“The cool thing about retiring – and stepping right away from a self-indulgent activity – is getting perspective.
“The market of people who want to ride bikes but don’t really know how, or think it’s a little bit unsafe… or all the little things – there’s so much of a myth around cycling that stops them from getting into it. So we want to encourage people and open the doors – and that’s what I’ve seen since hanging up the competitive wheels. There is a huge amount of people who love riding and they maybe haven’t ridden since they were kids.
“The gig I’m into now is basically trying to build bike paths. We’re trying to build one the length of the Waikato River; we’ve built sections and we’re just about to connect a couple of the dots. It’s wicked: 70km, three metre wide concrete – and the amount of people that you meet that are out riding because they’ve got a really safe, beautiful environment to ride in is amazing.
“Like they say, ‘Build it and they will come!’
“It’s neat…! My old man, he’ll be 80 next year and he still rides 400-500km a week and that’s a good example.
“Any ways and means and help that I can provide to get more people moving on bikes is my gig now.”
In Australia the missive from the government is gold medals at the Olympics are the remit. I’d like to retract from that aspiration and look at the grassroots and bring people to cycling so that eventually there’s a bigger pool of talent and inevitably success will come. Do you see it that way?
“One hundred percent. We’re exactly the same here. Don’t be fooled. Our high performance sports structure is entirely based on the ability for individuals to win medals. So, you win a medal, you get funded.
“It’s all about targeted medals. It’s all about predicting medals. It’s really similar, which I completely disagree with. It’s such a tiny return on investment. If they invest 35 million dollars in Australia, or 20 million dollars in New Zealand, over a four-year cycle and your only KPI on that is if someone comes back with a medal. It’s bloody hard to win medals. And if that’s your only return on investment, it’s a ridiculous thing to invest in.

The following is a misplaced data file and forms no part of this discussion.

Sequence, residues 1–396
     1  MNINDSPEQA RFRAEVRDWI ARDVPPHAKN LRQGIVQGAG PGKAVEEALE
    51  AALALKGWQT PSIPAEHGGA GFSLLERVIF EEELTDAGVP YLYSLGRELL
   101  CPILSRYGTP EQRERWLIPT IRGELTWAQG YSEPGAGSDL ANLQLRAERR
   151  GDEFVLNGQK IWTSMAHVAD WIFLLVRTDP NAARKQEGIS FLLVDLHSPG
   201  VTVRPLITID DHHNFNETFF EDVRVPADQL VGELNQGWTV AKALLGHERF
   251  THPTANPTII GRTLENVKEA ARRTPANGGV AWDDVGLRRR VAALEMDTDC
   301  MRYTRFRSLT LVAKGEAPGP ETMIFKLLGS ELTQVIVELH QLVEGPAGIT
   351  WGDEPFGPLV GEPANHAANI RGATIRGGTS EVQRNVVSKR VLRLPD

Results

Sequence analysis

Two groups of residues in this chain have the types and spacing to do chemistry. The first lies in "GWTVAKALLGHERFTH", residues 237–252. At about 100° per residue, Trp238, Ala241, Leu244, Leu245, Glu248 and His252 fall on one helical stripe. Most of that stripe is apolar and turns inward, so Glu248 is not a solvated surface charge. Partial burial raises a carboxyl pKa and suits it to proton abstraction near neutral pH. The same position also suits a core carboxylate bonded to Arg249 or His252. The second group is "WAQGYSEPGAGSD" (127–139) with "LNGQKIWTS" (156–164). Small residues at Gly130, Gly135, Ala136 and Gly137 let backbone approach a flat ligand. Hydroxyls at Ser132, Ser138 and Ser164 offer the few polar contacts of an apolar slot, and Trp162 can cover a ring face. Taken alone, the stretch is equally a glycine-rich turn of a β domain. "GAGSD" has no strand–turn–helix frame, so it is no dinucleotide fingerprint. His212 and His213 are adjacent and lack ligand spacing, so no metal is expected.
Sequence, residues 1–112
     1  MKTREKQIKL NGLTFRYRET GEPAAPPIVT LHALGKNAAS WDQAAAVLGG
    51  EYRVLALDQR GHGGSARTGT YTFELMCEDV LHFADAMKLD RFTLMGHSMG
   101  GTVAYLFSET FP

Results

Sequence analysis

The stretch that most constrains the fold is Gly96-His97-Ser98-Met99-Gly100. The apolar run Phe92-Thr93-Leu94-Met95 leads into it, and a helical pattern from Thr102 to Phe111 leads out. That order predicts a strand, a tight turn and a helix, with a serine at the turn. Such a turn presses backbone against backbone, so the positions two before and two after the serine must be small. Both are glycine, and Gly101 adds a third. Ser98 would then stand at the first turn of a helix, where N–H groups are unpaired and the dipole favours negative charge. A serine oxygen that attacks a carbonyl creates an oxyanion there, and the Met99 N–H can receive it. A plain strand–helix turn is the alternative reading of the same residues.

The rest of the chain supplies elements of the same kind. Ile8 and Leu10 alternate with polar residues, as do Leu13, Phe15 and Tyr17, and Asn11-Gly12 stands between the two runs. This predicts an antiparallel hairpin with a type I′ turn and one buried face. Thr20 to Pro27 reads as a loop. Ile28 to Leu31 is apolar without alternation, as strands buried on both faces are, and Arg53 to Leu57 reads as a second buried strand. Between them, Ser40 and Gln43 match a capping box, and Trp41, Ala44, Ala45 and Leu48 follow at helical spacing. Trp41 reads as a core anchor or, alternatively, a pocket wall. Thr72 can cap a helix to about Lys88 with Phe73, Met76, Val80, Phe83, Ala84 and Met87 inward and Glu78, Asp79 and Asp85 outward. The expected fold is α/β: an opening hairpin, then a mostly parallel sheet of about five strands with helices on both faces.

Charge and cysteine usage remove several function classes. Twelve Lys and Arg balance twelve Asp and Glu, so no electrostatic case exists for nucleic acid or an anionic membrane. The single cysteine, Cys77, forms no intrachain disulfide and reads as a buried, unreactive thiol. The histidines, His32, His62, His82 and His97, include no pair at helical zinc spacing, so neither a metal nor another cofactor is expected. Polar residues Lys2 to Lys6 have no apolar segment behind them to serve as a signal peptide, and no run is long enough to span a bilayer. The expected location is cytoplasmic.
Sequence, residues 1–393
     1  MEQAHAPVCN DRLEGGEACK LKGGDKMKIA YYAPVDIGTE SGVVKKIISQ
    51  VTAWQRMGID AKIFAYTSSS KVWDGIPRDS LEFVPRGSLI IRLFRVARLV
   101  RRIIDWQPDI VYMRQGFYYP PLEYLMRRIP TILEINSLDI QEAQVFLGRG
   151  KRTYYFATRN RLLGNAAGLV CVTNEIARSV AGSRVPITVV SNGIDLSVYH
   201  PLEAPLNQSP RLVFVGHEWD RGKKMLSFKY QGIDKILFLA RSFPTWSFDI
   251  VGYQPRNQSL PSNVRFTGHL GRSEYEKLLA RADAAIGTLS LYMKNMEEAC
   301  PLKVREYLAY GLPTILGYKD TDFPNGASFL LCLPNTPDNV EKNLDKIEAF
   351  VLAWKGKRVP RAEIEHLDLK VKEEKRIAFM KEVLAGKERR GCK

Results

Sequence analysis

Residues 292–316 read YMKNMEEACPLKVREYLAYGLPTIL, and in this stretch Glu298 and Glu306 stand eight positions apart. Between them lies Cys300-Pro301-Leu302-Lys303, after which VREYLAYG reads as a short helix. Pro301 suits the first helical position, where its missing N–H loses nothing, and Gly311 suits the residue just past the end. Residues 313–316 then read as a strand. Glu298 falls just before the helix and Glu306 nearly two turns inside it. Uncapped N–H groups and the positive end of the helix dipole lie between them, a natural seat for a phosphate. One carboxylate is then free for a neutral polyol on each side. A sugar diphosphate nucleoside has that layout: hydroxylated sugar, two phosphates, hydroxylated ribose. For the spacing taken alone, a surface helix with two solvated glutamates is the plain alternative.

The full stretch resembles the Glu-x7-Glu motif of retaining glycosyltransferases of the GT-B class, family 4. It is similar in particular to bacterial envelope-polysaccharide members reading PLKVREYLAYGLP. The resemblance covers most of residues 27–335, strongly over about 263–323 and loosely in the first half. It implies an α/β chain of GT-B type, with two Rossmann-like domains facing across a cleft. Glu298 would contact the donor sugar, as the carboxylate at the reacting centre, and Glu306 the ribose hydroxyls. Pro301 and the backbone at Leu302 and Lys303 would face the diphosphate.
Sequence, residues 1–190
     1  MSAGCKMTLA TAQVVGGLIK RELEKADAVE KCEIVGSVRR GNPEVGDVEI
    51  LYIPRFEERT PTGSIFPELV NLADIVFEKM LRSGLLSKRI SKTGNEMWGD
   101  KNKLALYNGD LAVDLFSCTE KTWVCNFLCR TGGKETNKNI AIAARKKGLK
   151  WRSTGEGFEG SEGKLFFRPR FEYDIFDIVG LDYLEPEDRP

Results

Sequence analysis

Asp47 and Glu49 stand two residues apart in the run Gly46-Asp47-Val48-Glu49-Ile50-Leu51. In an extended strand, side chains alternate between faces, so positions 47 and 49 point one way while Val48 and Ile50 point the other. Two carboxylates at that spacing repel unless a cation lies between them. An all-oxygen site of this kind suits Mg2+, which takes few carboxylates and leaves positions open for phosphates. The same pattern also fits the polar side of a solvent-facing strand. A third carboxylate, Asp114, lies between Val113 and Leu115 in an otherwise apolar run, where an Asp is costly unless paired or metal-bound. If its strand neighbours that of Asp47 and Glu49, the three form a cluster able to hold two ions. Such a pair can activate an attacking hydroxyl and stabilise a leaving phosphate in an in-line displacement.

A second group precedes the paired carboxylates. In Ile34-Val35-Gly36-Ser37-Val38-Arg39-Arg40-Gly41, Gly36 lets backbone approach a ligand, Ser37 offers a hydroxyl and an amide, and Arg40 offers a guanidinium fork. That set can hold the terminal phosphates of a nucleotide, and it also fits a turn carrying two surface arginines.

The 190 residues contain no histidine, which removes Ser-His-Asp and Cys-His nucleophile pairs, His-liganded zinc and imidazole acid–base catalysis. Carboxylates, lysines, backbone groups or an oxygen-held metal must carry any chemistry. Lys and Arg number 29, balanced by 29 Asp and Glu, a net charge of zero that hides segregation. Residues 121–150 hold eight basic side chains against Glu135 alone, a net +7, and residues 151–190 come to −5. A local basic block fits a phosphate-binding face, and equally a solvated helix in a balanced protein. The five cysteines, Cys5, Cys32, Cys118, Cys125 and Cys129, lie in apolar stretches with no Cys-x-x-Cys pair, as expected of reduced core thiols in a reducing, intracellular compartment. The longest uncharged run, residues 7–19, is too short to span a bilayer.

“There needs to be a wider remit when investing into cycling [and] realising the benefits of infrastructure, bike paths, people biking to school… or whatever the sport is. That is far more important for the general community but also, like you say, for the bigger pool of people who will then be in the sport that will go on and win Olympic medals which will happen anyway.
“More recently the [New Zealand] government is really investing into cycle trails, they are realising that cycling is a really good mode of transport for people and it potentially could be a lot better… And they’ve looked, from a tourism perspective, how they could open up bits of New Zealand that have previously been unaccessible. The government gave 50 million dollars about three years ago to invest in 20 ‘Great Rides’ – they’ve popped up and they’ll continue to be invested in. And it opens up spectacular scenery!”
– By Rob Arnold